You've probably noticed that if you go to Amazon and search for, say, hair dryers, for days after, every site you go to will be carrying hair dryer ads. If you've never noticed it, or just thought it was coincidence, go try it. It's actually kind of creepy. In fact, at this very moment, you're likely being monitored by over 100 companies, all for the explicit purpose of trying to decide what ads to show you -- that's just a part of everyday life on the Internet at this point. But if you want a preview of what the world will look like when companies start taking it too far, here you go:
Epic, a New York-based marketing firm, was recently caught using ads spread out over approximately 24,000 websites to spy on people's browser history and collect information about potential health problems to more efficiently target their advertisements. As in, if you searched "ruptured anus cures," they would follow you around the Web pelting you with ads for anal sealants. This, despite the fact that under normal circumstances medical records and other health-related information is supposed to be confidential.
"This information was supposed to be between me, my doctor, and my hooker."
And these weren't "Amazing Car Insurance Loophole!" pop-ups on some distant corner of the Internet, either -- Epic sponsored ads on CNN.com, Amazon, Orbitz, and numerous other high-profile sites, and their ads would track visitors after they left to see what (if any) medically related searches they conducted. Epic then stored all this information in a database, organized in categories such as "diabetes" and "incontinence," so that they could target users with advertisements related to their specific medical conditions (although those two keywords would result in the most frighteningly majestic commercial Wilford Brimley has ever appeared in).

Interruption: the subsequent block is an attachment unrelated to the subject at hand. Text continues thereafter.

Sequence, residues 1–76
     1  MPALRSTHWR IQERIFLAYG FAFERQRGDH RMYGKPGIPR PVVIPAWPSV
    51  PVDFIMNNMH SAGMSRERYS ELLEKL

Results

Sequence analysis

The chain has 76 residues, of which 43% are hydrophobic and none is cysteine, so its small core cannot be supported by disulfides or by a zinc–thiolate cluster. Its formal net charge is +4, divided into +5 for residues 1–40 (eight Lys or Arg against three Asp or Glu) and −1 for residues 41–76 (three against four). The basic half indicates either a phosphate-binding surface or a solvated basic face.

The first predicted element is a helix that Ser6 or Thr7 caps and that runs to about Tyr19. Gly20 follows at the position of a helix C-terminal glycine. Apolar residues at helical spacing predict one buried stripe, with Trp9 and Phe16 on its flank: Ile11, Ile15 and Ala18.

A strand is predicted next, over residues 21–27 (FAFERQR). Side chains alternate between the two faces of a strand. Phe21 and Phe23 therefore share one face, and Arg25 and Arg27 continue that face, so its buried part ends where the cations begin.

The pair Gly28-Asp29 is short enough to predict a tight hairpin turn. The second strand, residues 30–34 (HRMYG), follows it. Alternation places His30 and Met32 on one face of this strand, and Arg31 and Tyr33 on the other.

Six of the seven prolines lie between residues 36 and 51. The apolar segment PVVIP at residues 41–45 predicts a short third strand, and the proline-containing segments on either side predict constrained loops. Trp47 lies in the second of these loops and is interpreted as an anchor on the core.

You may recognize this as being fantastically illegal, and so did the Federal Trade Commission, who sued Epic and forced them to destroy all the information they'd harvested. By then, Epic was tracking millions of Internet users and attempting to enhance their browsing experience by peppering them with personalized ads helpfully reminding them -- and anyone else who used the computer -- of their debilitating ailments. It could eventually get to the point where the only way to shop privately is to actually drive out to the freaking mall, because you can go into f.y.e. and buy the Rambo collection with absolutely no chance of the clerk following you around for three hours waving Stop! Or My Mom Will Shoot in your face.
"This copy has her deleted shower scene."
But the implications are so much bigger than even that -- with enough access to your social media, Google searches, and browsing habits, and a smart enough algorithm behind it, a company could know things about you that you don't even know yourself. They see you starting a diet and immediately know from prior behavior that you'll be back shopping for fat pants six months later. So the future of The Terminator came true, only instead of Skynet murderbots chasing us through the ruins and firing rail guns at us, it's a series of databases stealthily calculating when to ambush us with Mountain Dew ads. It could have been worse, we guess.
You can follow Alaric Penname on Twitter.
For more reasons to be alarmed by some companies, check out 6 Secret Monopolies You Didn't Know Run the World and 6 Companies That Rigged The Game (And Changed the World).
If you're pressed for time and just looking for a quick fix, then check out 3 Hilariously Dangerous DIY Projects from Old Magazines.